The Middle Class Connection

October 27th, 2006

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Economist Jeff Madrick takes us on in a recent article published in The Nation, and in a follow-up piece on The Huffington Post. Sadly, we haven’t been offered space in either venue to respond, so we post our answer to Jeff below:

Dear Jeff:

At Third Way, one of our passions is the middle class. We’re consumed by the questions of how they live, where they work, what they make, and the challenges they face. That is why we were disappointed by your recent articles ascribing to us a view we do not hold – namely, as you say in The Nation, that “the middle-class electorate will only be repelled this November by the pleas of some Democrats for more aggressive economic polices to aid the working and middle classes.”

We counsel just the opposite. We believe that if progressives want to build an enduring majority, they must develop economic policies that resonate with the middle class while solving the real economic challenges they face. Where we differ from other progressives is in our analysis of these challenges, the policies necessary to help average Americans build a more affluent life and the way in which we think progressives should talk about the economy to better connect with middle-class voters.

We believe Democrats have two interrelated problems when it comes to the middle class: One, the middle class does not vote for Democrats, because two, Democrats do not really understand who the middle class are and their aspirations.

Let’s start with the political problem. Voters with household incomes between $30,000 and $75,000 have not given a majority to Democrats in congressional elections for at least ten years, possibly much longer (the median household income of a voter in 2004 was about $53,000). When one considers that African-American voters of all income levels confer eight to one majorities on Democrats, the voting patterns of the middle class become far bleaker. Among white voters with household incomes between $30,000 and $75,000, congressional Republicans won by 19-points in 2004. And at $23,700 in household income, a white voter in 2004 was more likely to vote Republican than Democratic. $23,700.

We are not oblivious to the impact that culture and national security interests have on voters, particularly white voters. But this landslide margin was only slightly bigger than in 2000 (when national security was a b-list issue) and 1996 (before the culture wars were fully ignited). The bottom line is that the party of the middle class does not win the middle class, and we believe that economic issues are a major reason why.

This leads us to problem two: The middle class is substantially wealthier than Democrats think they are, and this misconception has led Democrats astray on messaging and policy.

The median household income of an American family in 2004 was $44,389. But this figure obscures rather than illuminates. It includes households headed by 22-year olds on their way up and 82-year olds who no longer work, have few liabilities, and demand completely different solutions to their problems. Among prime working age households – the 67% of the electorate headed by adults between the ages of 26 and 59 – the median income was a much more comfortable $63,300. For married prime-age couples (50% of the electorate), it was closer to $70,000. And for two-earner prime-age households (38% of the electorate), the median was just shy of $80,000.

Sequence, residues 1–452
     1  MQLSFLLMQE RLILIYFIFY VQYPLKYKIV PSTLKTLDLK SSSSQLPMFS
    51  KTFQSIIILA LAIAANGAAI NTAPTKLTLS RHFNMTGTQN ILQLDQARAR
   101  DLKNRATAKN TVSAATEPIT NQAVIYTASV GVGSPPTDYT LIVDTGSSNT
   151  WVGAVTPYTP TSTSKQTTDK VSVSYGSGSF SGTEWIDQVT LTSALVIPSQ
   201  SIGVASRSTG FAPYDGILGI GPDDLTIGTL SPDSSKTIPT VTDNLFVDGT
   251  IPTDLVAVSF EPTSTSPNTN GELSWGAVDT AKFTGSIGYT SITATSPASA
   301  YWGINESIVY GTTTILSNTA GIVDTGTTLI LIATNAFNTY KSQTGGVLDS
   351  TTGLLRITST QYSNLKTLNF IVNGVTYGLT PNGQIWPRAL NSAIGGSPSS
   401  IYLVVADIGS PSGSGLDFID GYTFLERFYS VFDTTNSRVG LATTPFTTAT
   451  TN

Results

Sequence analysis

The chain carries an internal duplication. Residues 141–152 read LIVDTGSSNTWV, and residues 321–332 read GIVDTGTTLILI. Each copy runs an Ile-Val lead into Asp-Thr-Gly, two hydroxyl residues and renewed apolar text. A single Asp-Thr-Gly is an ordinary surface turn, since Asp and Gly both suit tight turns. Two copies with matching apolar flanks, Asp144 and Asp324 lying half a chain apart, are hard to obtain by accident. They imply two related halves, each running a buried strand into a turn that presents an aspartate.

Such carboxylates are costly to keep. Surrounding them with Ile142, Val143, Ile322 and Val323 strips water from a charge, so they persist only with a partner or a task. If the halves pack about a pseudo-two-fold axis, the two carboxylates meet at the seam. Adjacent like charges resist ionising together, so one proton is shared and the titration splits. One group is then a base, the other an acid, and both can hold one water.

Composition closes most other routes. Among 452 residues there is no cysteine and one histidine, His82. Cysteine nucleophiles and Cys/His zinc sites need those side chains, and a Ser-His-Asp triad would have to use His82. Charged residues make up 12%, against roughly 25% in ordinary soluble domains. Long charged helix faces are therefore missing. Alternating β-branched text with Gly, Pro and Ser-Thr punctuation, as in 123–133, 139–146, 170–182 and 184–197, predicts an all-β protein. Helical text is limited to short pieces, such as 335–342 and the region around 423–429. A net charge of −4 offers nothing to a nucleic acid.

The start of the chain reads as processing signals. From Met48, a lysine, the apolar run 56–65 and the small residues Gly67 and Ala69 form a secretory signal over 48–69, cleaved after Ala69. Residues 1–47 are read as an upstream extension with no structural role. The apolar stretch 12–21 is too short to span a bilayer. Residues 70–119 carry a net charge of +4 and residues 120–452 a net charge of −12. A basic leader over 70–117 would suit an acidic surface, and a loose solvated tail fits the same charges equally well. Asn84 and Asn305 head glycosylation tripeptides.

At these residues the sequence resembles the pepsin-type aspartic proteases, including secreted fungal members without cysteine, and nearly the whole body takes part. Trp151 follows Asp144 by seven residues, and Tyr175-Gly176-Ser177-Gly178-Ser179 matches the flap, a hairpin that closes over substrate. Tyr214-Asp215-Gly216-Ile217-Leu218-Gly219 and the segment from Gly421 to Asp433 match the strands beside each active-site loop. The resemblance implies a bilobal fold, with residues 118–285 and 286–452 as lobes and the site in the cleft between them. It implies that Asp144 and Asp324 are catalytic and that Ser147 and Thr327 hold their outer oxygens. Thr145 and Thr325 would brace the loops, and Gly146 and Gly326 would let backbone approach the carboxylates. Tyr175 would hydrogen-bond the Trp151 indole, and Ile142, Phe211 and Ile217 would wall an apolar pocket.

There is an enormous difference in personal outlook between a household earning $45,000 and one earning $65,000 or $80,000. It is the difference between struggling to get by and struggling to get ahead. It is the reason why we believe the central Democratic talking points – that of drowning in debt, working three jobs and falling behind, and being squeezed – have fallen flat. To the vast middle, this doesn’t quite ring true.

On the other hand, we strongly disagree with your characterization of our position that “middle-class Americans have done just fine economically for a few decades.” We believe the middle class faces seven principal hurdles to opportunity that progressives must help them clear through public policy in order to attain the long term financial success they desire.

1. Obtaining a college degree – median male wages for high school graduates peaked in real terms in 1974. This 30-year trend will not be reversed.

2. The demise of single-employer careers – Americans switch jobs far more frequently and shouldn’t pay a penalty in terms of health care or pension benefits.

3. The time bind – more women will earn college degrees this decade than men. Women work because they want to not because they have to. We need policies to help two-earner families fulfill their career and family goals.

4. Rising health care costs – A standard family policy priced at more than $11,000 and rising is unsustainable for business and families.

5. Aging America – middle-class families must bear the burden of caring for aging parents and must save earlier for their own retirements, especially with the demise of traditional pensions.

6. Global markets for labor – a glut of low-skilled labor overseas and an influx of low-skilled labor from across our borders will place long term downward pressure on low-skill wages, while the increasing sophistication and educational levels of workers worldwide could mean that middle-class workers must also compete in a global labor market.

7. Rising wealth and income inequality – The middle class must share in the rising national and global wealth, probably by owning equities.

These problems are big enough to keep progressives busy for quite a long time, and they address both the fears and the aspirations of the vast middle class who look to the future with optimism but believe the economy should reward those who work hard.